The country had planned to reopen last July, but the spread of the Delta variant forced a continuation of its closure to foreign citizens who did not receive a special exemption to enter Israel.
By Gil Tanenbaum, TPS
Prime Minister Naftali Bennett, Health Nitsan Minister Horowitz and Tourism Minister Yoel Razvozov attended a meeting Thursday to ratify a new policy for the entrance of non-Israeli citizens into the country, specifically those people seeking tourist visas.
The meeting came after health authorities uncovered five additional cases of people in Israel who were infected with the new Covid AY4.2 variant. There are now six confirmed cases.
Notwithstanding these new cases, Israel is planning to reopen the country to foreign tourists as of November 1. The country had planned to reopen last July, but the spread of the Delta variant forced a continuation of its closure to foreign citizens who did not receive a special exemption to enter Israel.
On Tuesday, an 11-year-old boy who returned from a trip abroad was the first to test positive for the new variant, which until recently had been classified the same as the Delta variant.
The Ministry of Health’s genetic sequencing laboratory then conducted a review of Coronavirus cases going back several months and checked all of the sequences of positive tests that were classified as the Delta variant. This led to the discovery of the five additional cases of AY4.2.
At Thursday’s meeting, a new plan for the November reopening was approved. Its guidelines will soon be brought to the full cabinet for approval.
The following persons are eligible to enter Israel in the framework of the plan:
Foreign nationals who have been inoculated with two doses of the Pfizer or Moderna Covid vaccines, and one dose of the Johnson & Johnson vaccine, at least seven days prior to their day of entry into Israel. They may not remain in the country for more than 180 days after their last vaccination.
This also applies to foreign nationals who have been inoculated with the Pfizer booster and at least seven days have passed on the day of their entering Israel, or those who have been inoculated with the Moderna, Sinovac Astra Zeneca and Johnson & Johnson booster at least 14 days prior to entering Israel;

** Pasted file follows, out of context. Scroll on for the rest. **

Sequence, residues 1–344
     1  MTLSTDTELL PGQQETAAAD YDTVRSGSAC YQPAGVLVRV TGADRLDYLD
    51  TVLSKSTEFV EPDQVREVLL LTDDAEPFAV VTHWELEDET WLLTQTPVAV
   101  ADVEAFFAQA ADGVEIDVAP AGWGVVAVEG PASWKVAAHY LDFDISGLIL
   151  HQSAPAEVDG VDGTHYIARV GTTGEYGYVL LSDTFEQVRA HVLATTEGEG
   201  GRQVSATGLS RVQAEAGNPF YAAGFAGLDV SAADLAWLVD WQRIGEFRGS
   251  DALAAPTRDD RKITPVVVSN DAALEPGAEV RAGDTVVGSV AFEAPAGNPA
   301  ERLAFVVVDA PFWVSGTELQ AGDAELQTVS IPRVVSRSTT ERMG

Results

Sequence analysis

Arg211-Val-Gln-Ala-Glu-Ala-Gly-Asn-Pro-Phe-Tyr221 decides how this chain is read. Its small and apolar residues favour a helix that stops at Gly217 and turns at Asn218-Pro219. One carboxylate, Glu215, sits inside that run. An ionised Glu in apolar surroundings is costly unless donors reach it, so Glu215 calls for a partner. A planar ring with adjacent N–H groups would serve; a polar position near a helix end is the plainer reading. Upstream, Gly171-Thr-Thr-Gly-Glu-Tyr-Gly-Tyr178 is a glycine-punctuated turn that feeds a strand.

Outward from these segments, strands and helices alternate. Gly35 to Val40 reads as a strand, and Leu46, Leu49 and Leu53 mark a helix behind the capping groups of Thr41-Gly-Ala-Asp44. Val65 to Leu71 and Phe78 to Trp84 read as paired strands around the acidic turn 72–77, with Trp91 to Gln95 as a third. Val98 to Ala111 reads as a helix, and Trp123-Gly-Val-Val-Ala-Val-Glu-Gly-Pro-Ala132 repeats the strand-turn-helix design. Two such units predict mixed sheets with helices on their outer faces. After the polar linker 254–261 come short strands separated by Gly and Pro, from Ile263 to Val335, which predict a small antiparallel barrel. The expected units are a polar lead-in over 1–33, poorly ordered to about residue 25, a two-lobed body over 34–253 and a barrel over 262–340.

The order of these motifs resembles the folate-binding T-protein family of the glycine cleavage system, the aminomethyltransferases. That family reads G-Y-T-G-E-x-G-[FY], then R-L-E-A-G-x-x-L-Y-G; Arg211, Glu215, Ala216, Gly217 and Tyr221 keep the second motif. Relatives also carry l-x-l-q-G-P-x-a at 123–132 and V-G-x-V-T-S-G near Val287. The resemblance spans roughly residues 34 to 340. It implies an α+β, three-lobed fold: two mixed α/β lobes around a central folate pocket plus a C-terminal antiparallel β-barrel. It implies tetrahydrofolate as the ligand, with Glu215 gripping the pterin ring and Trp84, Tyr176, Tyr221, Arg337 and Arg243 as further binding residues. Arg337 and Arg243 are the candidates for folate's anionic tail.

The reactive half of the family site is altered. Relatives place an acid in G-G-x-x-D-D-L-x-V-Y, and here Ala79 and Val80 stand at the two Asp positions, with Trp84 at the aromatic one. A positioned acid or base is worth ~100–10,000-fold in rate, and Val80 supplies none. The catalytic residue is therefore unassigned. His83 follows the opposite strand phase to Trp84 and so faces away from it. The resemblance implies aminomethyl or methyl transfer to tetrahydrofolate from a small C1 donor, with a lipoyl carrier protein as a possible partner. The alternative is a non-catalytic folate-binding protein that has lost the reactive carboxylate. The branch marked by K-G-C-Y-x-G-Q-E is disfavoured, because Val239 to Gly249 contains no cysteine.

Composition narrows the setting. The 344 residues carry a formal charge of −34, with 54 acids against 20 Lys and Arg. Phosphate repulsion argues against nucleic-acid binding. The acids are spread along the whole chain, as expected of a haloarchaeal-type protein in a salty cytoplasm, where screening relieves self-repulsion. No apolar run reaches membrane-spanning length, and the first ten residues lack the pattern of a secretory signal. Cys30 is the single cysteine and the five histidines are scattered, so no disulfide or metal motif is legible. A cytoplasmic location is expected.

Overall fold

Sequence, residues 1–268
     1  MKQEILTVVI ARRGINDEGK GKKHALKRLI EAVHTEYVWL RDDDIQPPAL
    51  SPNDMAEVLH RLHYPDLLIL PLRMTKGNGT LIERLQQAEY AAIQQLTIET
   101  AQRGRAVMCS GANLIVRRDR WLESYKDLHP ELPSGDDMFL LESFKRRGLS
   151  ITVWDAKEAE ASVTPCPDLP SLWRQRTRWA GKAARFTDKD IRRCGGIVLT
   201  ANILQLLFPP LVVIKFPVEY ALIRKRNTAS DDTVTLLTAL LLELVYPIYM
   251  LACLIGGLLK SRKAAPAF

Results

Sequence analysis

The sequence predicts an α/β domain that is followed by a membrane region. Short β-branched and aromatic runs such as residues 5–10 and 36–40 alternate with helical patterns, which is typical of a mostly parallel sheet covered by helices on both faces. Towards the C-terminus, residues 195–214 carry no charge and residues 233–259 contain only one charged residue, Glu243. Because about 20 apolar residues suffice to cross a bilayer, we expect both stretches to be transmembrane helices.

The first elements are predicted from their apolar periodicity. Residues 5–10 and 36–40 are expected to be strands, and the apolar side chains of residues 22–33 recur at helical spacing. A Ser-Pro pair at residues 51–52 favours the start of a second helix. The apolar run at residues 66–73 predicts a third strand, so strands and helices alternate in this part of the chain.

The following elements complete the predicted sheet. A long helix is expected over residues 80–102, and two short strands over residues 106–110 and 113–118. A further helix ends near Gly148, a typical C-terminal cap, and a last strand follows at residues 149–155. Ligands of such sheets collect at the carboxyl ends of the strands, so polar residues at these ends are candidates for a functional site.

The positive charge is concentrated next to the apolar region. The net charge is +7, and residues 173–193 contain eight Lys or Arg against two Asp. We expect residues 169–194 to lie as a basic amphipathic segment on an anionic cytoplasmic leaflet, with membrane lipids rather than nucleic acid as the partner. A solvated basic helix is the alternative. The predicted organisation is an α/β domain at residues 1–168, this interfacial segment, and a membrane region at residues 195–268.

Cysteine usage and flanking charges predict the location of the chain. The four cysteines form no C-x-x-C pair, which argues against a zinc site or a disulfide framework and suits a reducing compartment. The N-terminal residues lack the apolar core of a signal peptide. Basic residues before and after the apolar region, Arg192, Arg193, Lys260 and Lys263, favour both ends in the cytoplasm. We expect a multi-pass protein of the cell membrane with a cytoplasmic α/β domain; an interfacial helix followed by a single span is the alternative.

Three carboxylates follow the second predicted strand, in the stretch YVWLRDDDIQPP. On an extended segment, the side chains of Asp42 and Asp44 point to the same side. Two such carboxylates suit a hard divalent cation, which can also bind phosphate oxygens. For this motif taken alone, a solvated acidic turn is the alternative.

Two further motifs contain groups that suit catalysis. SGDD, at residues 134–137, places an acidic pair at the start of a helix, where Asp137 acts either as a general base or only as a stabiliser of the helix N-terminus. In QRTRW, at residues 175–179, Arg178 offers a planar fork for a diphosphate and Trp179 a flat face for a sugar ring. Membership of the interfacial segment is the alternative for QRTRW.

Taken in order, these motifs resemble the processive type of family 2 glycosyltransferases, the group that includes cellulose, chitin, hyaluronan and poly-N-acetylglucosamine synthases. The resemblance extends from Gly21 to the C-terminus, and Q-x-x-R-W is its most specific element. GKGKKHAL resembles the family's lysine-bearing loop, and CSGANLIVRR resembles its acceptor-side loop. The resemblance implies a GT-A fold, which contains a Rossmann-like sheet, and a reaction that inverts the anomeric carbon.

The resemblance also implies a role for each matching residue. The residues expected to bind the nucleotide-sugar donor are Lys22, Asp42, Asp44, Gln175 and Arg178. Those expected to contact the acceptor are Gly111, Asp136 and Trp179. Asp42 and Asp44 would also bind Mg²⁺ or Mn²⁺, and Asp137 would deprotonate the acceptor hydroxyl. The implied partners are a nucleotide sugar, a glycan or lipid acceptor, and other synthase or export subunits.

Foreign nationals who have recovered from COVID-19 and who present proof of the results of a positive NAAT test at least 11 days prior to their day of entry into Israel may stay in the country no more than 180 days after the vaccination;
Foreign nationals who have recovered from COVID-19 and have received at least one dose of the WHO-approved vaccines;
Groups exempted from quarantine on the basis of their functioning like a “capsule” that stays together within their own group will be allowed admission if they have been inoculated with a WHO-approved vaccine. These groups will not have leisure time and their movement will be restricted in areas in which there is an increased risk of infection.
Up to 2,000 tourists in a capsule per day will be allowed admission to Israel (a more stringent plan will apply to mixed groups).
If a visitor remains in the country for more than 14 days, then he or she must submit to either an antigen test or a PCR test every two days.
These guidelines are limited to tourists who have not been in red countries or countries under severe travel warnings in the 14 days prior to entering Israel.